The AHS Blog

Journal Volume 35 Issue 1

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Unreliable public clocks

This post was written by Peter de Clercq

You only have to walk around in your own town to observe that of all the public clocks you pass by, only a few tell the correct time. Many show just any time, others have stopped working altogether.

Last year, a tongue-in-cheek editorial in the Guardian suggested that it was ‘time for a public clock tsar, with power to demand that owners restore their timepieces to reliable service’.

Editorial in the Guardian of 23 August 2013 calling for a clock tsar
Editorial in the Guardian of 23 August 2013 calling for a clock tsar

Here I learned of the existence of the blogspot Stoppedclocks, which invites us to ‘help find and fix all the stopped public clocks in Britain’. So if you have a particular gripe about a faulty clock in your area, you now know where to turn to.

There is, of course, nothing new under the sun. More than three centuries ago a correspondent to a London newspaper ventilated his gripe about the unreliability of public time-pieces.

It is quoted here, with the numbers referring to the map, as published in an article by Anthony Turner entitled ‘From sun and water to weights: public time devices from late Antiquity to the mid-seventeenth century’, published in Antiquarian Horology in March 2014.

Details from John Roque, Plan of the Cities of London and Westminster and Borough of Southwark…, 1747. The eastward route of the correspondent of the Athenian Mercury, and the nine numbered locations, from Covent Garden [1] to the Royal Exchange [9], are indicated in red (click on image to expand it)
Details from John Roque, Plan of the Cities of London and Westminster and Borough of Southwark…, 1747. The eastward route of the correspondent of the Athenian Mercury, and the nine numbered locations, from Covent Garden [1] to the Royal Exchange [9], are indicated in red (click on image to expand it)

'I was in Covent Garden 1 when the clock struck two, when I came to Somerset-house 2 by that it wanted a quarter of two, when I came to St. Clements 3 it was half an hour past two, when I came to St. Dunstans 4 it wanted a quarter of two, by Mr. Knib’s Dyal in Fleet-street 5 it was just two, when I came to Ludgate 6 it was half an hour past one, when I came to Bow Church 7, it wanted a quarter of two, by the Dyal near Stocks Market 8 it was a quarter past two, and when I came to the Royal Exchange 9 it wanted a quarter of two: This I aver for a Truth, and desire to know how long I was walking from Covent Garden to the Royal Exchange ?'

(Quoted from The Athenian Mercury, vi no 4, query 7, 13 February 1692/93).

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Time in Old Bohemia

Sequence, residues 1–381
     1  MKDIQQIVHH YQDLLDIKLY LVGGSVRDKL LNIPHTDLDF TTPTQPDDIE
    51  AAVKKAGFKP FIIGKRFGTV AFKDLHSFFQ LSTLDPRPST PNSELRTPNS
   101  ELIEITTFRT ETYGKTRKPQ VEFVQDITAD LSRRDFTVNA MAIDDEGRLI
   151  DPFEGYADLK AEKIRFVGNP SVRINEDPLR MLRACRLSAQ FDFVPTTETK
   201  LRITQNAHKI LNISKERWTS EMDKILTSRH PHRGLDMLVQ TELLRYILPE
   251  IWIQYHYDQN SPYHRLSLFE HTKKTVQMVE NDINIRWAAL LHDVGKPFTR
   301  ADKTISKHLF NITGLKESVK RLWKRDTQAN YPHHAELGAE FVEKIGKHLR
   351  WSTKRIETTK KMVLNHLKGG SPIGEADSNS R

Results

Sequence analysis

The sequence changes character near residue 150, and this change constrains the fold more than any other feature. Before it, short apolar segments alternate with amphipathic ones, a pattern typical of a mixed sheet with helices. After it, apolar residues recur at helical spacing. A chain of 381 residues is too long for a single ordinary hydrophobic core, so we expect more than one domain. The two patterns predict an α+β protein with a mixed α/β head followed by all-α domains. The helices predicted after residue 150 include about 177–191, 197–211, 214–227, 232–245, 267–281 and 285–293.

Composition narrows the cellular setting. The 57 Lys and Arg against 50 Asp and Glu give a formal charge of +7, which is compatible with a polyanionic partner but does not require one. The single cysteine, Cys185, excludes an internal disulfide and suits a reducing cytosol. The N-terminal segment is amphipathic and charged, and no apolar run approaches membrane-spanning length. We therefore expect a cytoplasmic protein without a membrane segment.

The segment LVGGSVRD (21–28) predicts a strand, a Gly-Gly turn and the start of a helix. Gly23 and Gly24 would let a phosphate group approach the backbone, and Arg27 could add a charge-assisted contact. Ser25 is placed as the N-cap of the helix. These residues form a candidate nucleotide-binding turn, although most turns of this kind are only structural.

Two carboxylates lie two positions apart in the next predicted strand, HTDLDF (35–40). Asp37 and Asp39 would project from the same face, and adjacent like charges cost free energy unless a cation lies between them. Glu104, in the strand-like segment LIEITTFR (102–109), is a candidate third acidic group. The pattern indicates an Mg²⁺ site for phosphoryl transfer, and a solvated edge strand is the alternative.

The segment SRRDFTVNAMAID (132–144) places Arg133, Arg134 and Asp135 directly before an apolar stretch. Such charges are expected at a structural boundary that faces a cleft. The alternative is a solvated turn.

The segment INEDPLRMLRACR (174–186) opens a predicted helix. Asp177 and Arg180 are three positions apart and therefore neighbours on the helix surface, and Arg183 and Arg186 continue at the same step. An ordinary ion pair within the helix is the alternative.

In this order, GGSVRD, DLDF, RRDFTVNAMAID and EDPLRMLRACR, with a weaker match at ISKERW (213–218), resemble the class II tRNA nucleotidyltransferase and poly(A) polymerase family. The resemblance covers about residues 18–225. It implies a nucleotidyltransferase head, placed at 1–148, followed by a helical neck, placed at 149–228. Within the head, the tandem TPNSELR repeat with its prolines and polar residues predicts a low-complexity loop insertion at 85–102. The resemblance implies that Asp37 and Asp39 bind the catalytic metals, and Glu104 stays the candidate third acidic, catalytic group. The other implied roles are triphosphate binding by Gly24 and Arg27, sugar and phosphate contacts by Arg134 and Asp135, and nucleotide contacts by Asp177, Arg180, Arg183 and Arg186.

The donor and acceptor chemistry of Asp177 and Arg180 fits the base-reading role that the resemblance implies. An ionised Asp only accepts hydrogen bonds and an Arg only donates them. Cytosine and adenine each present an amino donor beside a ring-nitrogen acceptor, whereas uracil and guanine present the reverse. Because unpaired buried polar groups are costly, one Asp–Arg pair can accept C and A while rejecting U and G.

This post was written by David Thompson

Many thousands of people today have stood amazed in front of the Astronomical Clock in the Old Town Hall Square in Prague, but I wonder just how many have managed to make sense of the dial. In modern times, perhaps it makes little sense.

The Astronomical Clock in the Old Town Hall Square in Prague (Wikimedia Commons)
The Astronomical Clock in the Old Town Hall Square in Prague (Wikimedia Commons)

The clock was made by Jan Šindel in about 1410, and from as early as the 15th century, the clock had a 24 hour dial which showed the so-called Bohemian Hours, a system in which the day began and ended at sunset.

This means, of course, that the 24-hour ring around the outside had to be adjusted periodically so that the 24th hour coincided with sunset.

In the early part of the clock’s life this was done manually, but later an automatic mechanism was installed to adjust the position of the ring. In medieval Prague, a knowledge of how long it was to sunset and the imposition of curfews in the city was useful knowledge. For instance – a simple glance at the dial indicating 19 hours tells you straight away that it is five hours to go before sunset.

As well as telling the time, the dial also has moving sun and moving effigies of the sun and moon, showing where in the zodiac they lie throughout the year. Useful astrological information.

The ecliptic circle with the zodiac signs and the sun and moon effigies rotate together once per day, but gradually over the course of the year, the sun and moon effigies with make a complete circle of the zodiac.

All this is achieved by some sophisticated gearing located behind the dial and driven by the clock mechanism in the tower. With the horizon circle with shaded buff areas, the periods of Aurora and Crepuscular, dawn and dusk are also shown,

Today, the clock is controlled by a more modern ‘regulator clock made by Romuald Bozek in the 1860s, but for the most part, the clock mechanism is still that which has been in existence from the beginning of its history.

Looking at the illustration here, you will see that the time is just a few minutes past 13 hours. On the fixed chapter circle the time is shown just before IX o’clock in the morning and hour 24 is just before 8 o’clock in the evening – correct for a July date. The sun is in Leo and the moon is in Aries.

So next time you stand in front of this amazing clock, you can really show off by knowing how to read the dial.

Detail of a sketch by J.A. Pfeffl after a drawing by Jan Josef Dietzler, 1743
Detail of a sketch by J.A. Pfeffl after a drawing by Jan Josef Dietzler, 1743 (link)